In late June, the Australian state of New South Wales (NSW) passed The Crimes Amendment (Publicly Threatening and Inciting Violence) Bill 2018. The Australian homophobia law, which comes into effect today, outlines protections against discrimination based on gender identity, sexuality, religion and race. It also adds protection for bisexual, non-binary and intersex people and carries a stiff penalty for those who discriminate against these groups.
The Crimes Amendment was introduced to the NSW Parliament in the beginning of June and passed only two weeks later on June 21. The new law protects people based on race, religion, sexuality, gender, intersex status and HIV status. The law doesn’t only protect against physical violence either; it also protects against hate speech, be it broadcast, distributed via flyer or just said aloud.
During Australia‘s marriage equality plebiscite last year, there were a number of homophobic posters placed around Melbourne, funded by an American neo-Nazi group. Though Melbourne is in the state of Victoria, similar posters would not be allowed in NSW now that this law has been passed.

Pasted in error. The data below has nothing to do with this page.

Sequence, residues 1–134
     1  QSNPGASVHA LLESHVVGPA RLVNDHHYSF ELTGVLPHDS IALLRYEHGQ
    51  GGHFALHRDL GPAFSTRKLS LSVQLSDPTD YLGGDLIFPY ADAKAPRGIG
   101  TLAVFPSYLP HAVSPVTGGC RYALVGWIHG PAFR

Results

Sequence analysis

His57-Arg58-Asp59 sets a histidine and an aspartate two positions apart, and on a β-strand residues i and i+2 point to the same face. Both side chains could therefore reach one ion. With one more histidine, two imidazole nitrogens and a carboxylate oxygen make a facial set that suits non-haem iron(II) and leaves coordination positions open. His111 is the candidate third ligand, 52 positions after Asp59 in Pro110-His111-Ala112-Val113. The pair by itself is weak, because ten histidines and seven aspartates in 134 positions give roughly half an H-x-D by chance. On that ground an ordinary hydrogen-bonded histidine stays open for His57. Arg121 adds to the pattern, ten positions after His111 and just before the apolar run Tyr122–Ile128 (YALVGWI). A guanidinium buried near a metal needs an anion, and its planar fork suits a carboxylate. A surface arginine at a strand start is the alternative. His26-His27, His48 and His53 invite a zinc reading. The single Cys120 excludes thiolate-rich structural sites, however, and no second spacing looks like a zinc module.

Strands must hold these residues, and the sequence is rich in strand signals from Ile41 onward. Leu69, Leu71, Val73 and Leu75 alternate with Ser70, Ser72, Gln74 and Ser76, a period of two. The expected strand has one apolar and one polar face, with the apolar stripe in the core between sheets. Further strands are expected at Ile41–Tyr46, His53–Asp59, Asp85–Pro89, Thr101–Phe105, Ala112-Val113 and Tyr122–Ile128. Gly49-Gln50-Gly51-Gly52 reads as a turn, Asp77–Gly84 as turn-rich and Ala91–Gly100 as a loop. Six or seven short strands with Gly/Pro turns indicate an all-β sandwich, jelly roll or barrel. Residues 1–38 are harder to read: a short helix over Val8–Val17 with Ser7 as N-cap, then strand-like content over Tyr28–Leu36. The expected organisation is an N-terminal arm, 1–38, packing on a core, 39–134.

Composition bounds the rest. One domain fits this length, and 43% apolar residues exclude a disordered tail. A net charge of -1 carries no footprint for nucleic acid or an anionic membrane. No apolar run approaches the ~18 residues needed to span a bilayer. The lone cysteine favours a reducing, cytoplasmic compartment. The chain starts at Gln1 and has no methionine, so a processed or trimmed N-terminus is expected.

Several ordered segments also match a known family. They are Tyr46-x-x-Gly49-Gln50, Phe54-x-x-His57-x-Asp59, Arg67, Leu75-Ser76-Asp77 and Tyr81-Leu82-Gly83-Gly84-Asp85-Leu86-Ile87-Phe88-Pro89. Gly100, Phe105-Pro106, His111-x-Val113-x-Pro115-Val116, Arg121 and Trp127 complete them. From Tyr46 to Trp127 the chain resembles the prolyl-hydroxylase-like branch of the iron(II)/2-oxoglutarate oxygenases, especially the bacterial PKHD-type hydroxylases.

Likewise, the recent incident in Missouri where three straight men were beaten because their assaulter assumed they were gay wouldn’t fly under the Australia homophobia law. The Crimes Amendment explicitly states that it doesn’t matter whether or not the “alleged offender’s assumptions or beliefs about an attribute of another person or a member of a group of persons were correct or incorrect.”
The penalties for breaking the laws are strong. If an individual breaks the new laws, they can be punished by a fine of $11,000 AUD (a little over $8,000 USD), three years in prison or both. A corporation that breaks the law will be hit with a $55,000 AUD fine (about $40,000 USD).
New South Wales is the largest state in Australia and home to the Sydney Gay and Lesbian Mardi Gras.